Ramen was MY discovery that there is "ramen" as got in the instant soup things, and then ramen as actual food. (And how to find the packaged ones which you can turn into food if you ignore everything except the noodles and then make food with them.)

But yeah at this point when people say things like "I hate [food type]" and for some reason it matters (like I'm cooking for them or whatever) I always follow up at this point with "what do you mean by [food type]" or "how have you had it before" because the rice thing I've found is pretty common and like you might STILL not like my real rice I make in a rice-cooker but it will be a very new dislike because it doesn't REALLY resemble, say, microwaved Minute Rice, if that's all you've had before.

(Hard liquors are also REALLY subject to this. Thanks to my sib's Xmas present to my dad last year, it turns out I totally like good brandy, and will spit not-good brandy out even when it's in tea. MAKES A DIFFERENCE!)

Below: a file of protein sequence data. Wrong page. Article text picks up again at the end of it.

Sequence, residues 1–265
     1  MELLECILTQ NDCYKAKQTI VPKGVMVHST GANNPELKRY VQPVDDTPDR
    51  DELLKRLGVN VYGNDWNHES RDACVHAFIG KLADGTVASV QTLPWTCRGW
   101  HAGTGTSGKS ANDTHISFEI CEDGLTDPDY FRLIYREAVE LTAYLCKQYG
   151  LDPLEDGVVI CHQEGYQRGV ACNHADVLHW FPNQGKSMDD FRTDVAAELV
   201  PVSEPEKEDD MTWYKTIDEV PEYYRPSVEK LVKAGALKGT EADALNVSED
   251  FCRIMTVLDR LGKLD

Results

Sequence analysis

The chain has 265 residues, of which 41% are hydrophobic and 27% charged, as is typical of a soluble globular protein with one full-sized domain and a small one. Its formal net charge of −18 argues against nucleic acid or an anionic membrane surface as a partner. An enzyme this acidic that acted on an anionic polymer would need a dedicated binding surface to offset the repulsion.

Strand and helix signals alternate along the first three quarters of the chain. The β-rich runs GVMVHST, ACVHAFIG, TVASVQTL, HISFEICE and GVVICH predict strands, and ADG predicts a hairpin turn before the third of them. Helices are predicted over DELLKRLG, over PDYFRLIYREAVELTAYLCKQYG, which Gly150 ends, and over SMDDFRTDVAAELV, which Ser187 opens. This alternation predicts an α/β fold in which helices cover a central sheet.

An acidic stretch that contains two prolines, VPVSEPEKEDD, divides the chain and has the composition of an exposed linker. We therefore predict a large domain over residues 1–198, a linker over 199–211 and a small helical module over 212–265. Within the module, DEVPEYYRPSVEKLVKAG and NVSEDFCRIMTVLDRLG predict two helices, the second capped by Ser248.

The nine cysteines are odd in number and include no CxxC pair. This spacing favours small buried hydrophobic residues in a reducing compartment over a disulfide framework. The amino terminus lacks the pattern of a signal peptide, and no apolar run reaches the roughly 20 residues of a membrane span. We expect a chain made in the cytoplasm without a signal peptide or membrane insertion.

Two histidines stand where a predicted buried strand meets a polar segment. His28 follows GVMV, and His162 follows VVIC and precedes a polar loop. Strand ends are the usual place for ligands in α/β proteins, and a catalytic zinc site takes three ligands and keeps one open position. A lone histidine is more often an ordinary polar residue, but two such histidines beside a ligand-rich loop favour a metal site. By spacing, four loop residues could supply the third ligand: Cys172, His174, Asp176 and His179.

Date: 2017-01-12 10:29 pm (UTC)
thatyourefuse: Vanessa Ives from Penny Dreadful, walking along a bloodtrail in the snow. (Default)
From: [personal profile] thatyourefuse
... I actually like instant ramen. At least some flavors. Although I don't claim for a minute that it's food. (FOR SOME REASON my parents would allow it in the house sometimes when I was a kid, though, so it's in the set of "predictable unthreatening dietary substances.")

Canned tuna fish, though. I will eat all the fresh raw tuna you want to put in front of me as long as I trust the source, but canned tuna fish is not food. If given a flat choice, I would probably rather eat my cat's wet food (admittedly, my cat is on a limited-ingredient hypoallergenic diet and her wet food is VENISON).

Profile

commodorified: a capital m, in fancy type, on a coloured background (Default)
commodorified

July 2017

S M T W T F S
       1
2345678
9101112131415
16171819202122
23242526272829
3031     

Most Popular Tags

Page Summary

Style Credit

Expand Cut Tags

No cut tags
Page generated Sep. 21st, 2017 02:04 pm
Powered by Dreamwidth Studios